Liz and David opened the first Steamer Trading Cookshop in 1985 in a small village called Alfriston, in East Sussex. Today, there are nearly 40 shops and the family run business is run by their son, Ben. After a lifetime spent surrounded by every kind of kitchen tool and pan imaginable - what are the pieces that they rely on everyday in their kitchen?
“We retired a few years ago” they say, “we simply jumped over the counter and became enthusiastic customers. Hardly a day goes by without our visiting one or other of our shops, and we’re almost certain to be tempted by something. We admire all the Steamer Trading shops – the sheer chutzpah of the Guildford’s modern frontage in the market town’s traditional High Street, Heathfield’s Victorian railway station brought up to date as a Cookshop, and the innumerable handsome buildings in quintessential English towns that have been granted a new lease of life as Steamer Trading shops. But our favourite, we confess, will always be our very first shop – Alfriston. That’s our baby!” says Liz.
Here’s the list of kitchen items that Liz and David couldn’t be without.
The Pressure Cooker
The pressure cooker was originally devised in 1679 by Denis Papin. There’s a statue of him in Lewes’s twin town in the Loire valley, Blois. We could no more think of conjuring up stock, soups, oxtail stew or even boiling the humble beetroot without the essential time-saving Kuhn-Rikon Duromatic.
The Perfect Frying Pan
When we got married, Elizabeth David had just opened her ground-breaking shop in Pimlico. She insisted on giving us a French black-iron pan which we still religiously reserve for omelettes. But while the legendary Elizabeth felt that the preparation, seasoning and wiping of this most traditional of materials made the pan an essential wedding present, things have moved on since then. Apart from omelettes, for which we reserve this hallowed pan, we prefer to use the new Le Creuset Toughened Non-Stick frypan for our everyday fry-ups!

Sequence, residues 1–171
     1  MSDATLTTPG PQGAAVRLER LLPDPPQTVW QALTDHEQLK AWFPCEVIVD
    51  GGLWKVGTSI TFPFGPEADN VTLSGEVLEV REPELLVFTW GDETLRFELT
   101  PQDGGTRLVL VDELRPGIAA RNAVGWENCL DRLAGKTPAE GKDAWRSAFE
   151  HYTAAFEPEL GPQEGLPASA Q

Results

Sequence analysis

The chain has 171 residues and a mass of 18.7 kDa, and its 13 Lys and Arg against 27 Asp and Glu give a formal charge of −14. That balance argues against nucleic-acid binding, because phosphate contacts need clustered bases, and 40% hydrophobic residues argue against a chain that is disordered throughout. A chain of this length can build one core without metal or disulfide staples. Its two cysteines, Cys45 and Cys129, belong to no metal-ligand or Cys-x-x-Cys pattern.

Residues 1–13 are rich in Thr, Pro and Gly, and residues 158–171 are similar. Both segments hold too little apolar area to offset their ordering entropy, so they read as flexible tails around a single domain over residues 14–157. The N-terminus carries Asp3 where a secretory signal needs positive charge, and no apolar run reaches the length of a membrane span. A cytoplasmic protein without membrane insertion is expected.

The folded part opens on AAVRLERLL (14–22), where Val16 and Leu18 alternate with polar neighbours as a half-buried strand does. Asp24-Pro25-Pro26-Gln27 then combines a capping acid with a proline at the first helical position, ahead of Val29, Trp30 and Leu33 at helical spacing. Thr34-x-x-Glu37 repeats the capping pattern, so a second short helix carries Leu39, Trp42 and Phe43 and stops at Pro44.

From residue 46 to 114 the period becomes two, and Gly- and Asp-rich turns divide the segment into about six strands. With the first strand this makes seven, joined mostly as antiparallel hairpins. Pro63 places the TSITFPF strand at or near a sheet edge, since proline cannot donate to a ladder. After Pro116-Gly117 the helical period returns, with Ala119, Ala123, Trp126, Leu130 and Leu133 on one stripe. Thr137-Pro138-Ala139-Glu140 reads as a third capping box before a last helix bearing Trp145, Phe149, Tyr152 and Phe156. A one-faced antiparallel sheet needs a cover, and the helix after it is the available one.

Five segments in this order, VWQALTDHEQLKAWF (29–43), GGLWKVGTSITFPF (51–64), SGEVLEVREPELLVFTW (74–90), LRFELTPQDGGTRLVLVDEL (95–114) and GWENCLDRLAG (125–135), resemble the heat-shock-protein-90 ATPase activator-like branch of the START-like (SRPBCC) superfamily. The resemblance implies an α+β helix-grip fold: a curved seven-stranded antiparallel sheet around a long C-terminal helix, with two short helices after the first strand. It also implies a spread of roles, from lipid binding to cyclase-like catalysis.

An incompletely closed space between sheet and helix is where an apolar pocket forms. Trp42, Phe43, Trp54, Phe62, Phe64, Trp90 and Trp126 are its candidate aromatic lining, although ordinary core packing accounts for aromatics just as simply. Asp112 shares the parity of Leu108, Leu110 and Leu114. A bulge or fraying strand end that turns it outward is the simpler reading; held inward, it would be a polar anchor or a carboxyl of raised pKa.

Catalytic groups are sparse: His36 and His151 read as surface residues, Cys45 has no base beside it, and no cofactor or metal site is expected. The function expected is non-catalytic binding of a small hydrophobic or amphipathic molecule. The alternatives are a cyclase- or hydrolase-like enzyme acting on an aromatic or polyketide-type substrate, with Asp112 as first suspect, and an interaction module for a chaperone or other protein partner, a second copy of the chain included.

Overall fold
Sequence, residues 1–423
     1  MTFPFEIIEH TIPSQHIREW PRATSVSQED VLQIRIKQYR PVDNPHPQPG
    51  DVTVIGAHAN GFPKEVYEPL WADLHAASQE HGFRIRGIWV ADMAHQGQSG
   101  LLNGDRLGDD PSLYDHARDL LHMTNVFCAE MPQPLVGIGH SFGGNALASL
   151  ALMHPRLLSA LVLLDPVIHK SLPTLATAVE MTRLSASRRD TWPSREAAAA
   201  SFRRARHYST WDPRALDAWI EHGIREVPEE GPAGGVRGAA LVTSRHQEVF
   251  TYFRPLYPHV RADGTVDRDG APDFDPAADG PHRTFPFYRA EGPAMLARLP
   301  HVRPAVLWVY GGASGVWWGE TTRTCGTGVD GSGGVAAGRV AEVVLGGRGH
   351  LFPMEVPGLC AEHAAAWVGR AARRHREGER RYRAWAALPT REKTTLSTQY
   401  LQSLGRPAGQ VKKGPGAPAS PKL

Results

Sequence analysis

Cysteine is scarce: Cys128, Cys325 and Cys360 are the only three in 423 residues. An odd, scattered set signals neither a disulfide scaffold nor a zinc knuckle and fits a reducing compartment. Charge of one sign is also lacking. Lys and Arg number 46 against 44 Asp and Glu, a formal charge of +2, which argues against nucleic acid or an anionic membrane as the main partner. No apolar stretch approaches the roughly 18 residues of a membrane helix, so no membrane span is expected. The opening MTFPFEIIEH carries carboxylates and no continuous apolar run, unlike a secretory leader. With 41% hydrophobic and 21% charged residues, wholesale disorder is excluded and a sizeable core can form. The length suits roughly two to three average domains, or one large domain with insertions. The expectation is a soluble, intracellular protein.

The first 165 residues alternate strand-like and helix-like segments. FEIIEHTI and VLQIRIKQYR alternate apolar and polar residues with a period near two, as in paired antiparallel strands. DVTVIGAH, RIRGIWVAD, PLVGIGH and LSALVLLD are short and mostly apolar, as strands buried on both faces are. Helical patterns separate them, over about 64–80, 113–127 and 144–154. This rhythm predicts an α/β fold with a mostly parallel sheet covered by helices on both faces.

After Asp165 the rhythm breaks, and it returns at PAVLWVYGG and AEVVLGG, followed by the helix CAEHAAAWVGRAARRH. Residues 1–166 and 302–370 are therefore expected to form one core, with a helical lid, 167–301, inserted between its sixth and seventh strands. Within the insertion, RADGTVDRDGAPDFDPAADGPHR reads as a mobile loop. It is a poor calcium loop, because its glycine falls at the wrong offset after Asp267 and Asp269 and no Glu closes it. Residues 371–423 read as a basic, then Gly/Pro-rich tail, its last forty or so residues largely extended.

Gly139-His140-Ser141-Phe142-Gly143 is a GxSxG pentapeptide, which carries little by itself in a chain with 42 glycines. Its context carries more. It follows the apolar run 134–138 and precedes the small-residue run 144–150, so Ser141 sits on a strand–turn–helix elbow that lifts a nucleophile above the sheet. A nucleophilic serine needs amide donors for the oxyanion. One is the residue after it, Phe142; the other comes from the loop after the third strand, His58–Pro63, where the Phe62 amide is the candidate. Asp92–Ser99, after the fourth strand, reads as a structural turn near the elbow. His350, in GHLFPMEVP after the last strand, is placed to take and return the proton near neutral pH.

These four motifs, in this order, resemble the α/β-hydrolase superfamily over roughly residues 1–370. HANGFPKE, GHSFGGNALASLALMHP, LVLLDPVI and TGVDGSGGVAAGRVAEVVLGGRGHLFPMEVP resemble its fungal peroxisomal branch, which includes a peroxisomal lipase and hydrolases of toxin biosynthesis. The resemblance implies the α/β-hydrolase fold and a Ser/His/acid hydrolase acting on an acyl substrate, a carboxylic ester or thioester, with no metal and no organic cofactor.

Apart from a good set of knives (we are very lucky to be often asked to test-drive new products before they are introduced into the shops); our favourites are the scimitar-shaped knives with their razor-sharp blades by iconic designer Robert Welch.
One tool that neither of us could live without is the Swiss U-shaped potato peeler. When we first opened the Alfriston shop, a local customer - a Swiss lady, by chance - introduced us to it. It has been one of our biggest selling items too. Thank you, Ursula!
The Magimix Food Processor was amongst the first items we stocked 25 years ago. So indestructible were they, we were always impressed that, even if you had bought the original Magimix in 1974, spares are still available. We almost feel that in order to justify buying a new model Magimix, you have to shoot your old one first.
Long gone are the days when grating cheese on jagged galvanised steel ended up with blood on the floor – and on the pasta. Somebody should erect a shrine to the inventor of the Microplane. So effective in grating anything, and an absolute dream to wash up
At the time when we started Steamer Trading, the only effective bowl spatula was the French rubber-bladed Maryse. It was supremely effective, the sleeve being adorned with the slogan C’est Maryse qui economise! Eventually, after much use, the blade perished and we had to stock spare rubber blades. Nowadays silicone has replaced the rubber to make the spatula -and many other items of the batterie de cuisine - even more effective, more long-lasting - and more colourful!